A hunt has been forced to apologise to a hospice after residents were left distressed by hounds chasing through its grounds.

The Braes of Derwent Hunt, from County Durham, lost control of some of their dogs who broke away from the pack onto the land of Willow Burn Hospice.

The hospice, near Lanchester, has offered palliative and end of life care since it opened in 1989.

A statement from the hospice said: "Willow Burn Hospice has been made aware of a recent hunt which made its way onto the land which is occupied by Willow Burn Hospice," they said.

"This not only distressed our service users and staff but has caused distress within the community. Willow Burn Hospice is taking action to minimise the risk of this happening again and contacting the necessary channels."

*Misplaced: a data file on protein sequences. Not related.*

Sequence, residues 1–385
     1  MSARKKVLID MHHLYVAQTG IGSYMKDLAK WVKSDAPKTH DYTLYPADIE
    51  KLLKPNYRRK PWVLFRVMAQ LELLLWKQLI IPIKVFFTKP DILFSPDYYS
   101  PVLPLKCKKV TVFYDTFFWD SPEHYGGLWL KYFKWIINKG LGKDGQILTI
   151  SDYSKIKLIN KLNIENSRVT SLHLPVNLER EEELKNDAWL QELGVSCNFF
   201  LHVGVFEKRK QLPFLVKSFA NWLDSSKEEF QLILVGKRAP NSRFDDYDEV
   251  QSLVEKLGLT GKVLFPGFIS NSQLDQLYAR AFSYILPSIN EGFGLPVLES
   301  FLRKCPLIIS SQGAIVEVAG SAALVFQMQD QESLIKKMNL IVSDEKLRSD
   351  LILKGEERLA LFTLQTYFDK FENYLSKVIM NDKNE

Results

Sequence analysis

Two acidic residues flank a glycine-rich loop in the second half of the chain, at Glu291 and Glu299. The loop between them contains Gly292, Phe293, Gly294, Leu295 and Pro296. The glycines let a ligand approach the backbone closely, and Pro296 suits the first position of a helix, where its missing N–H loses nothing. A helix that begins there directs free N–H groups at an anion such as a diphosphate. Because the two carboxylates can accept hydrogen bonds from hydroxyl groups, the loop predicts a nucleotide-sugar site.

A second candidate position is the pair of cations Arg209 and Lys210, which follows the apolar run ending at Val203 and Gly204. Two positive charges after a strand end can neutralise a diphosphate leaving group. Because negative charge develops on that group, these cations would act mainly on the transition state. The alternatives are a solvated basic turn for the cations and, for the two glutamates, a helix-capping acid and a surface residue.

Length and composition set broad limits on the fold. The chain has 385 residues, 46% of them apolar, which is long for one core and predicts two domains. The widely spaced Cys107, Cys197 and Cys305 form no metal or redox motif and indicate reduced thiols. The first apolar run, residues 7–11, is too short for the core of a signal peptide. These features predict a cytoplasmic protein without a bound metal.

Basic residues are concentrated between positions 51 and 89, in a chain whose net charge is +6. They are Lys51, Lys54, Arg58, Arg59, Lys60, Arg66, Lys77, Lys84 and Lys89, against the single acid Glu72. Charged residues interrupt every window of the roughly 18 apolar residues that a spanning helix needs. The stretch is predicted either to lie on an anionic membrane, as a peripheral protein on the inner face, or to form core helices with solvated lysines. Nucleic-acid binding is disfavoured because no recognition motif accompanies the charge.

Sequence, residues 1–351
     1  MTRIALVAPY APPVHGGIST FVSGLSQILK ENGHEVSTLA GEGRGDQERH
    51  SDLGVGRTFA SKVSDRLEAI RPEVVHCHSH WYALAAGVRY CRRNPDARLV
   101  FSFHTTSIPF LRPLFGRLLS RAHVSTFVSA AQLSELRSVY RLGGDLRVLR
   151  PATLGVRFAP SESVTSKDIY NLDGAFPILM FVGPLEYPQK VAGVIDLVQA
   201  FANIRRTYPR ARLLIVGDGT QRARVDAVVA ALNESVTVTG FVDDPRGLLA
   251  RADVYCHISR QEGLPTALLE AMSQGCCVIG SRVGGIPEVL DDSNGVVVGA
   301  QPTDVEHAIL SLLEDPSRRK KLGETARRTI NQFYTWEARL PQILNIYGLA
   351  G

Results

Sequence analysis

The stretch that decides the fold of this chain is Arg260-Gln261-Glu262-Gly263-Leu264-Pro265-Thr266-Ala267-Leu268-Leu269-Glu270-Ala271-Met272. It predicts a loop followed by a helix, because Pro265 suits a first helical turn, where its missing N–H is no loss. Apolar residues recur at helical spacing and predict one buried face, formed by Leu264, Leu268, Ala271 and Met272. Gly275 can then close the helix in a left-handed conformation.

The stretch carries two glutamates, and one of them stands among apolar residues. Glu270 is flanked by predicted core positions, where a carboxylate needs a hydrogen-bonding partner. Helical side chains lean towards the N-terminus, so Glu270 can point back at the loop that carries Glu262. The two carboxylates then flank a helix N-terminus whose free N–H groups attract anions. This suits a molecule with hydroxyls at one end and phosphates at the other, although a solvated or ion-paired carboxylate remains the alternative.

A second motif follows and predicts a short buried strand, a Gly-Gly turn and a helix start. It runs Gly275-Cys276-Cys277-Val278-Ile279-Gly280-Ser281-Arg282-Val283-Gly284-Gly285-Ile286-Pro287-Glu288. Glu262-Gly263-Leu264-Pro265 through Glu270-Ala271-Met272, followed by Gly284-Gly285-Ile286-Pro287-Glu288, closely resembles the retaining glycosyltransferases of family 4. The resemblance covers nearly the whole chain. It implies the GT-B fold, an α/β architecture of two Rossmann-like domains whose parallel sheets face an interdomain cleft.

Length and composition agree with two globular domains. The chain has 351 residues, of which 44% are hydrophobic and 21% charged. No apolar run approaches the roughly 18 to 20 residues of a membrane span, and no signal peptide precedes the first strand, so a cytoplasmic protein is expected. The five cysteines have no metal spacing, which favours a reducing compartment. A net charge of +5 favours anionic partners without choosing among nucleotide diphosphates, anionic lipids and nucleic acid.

Anti-hunt campaign group Hunt Monitors, which was there during the hunt on Monday, posted on its Facebook group: "We were appalled at what we witnessed and we will be taking action also.

"It is disgraceful that hounds be allowed to hunt a fox onto your property and scare staff, residents and the sheep which live on your land. Totally unacceptable."

But Master of the Hunt William Gascoigne, who was not out on the day, said that the pack had become disorientated due to the presence of the anti-hunt protesters.

He told The Northern Echo: "The hospice wouldn't have known they were there, but the anti-hunt people jumped on that opportunity and went and knocked on the door and said the hunt has been through."

Durham Police said a representative from the hunt had visited the hospice to apologise and they would speak to the hunt to "offer some words of advice for next year".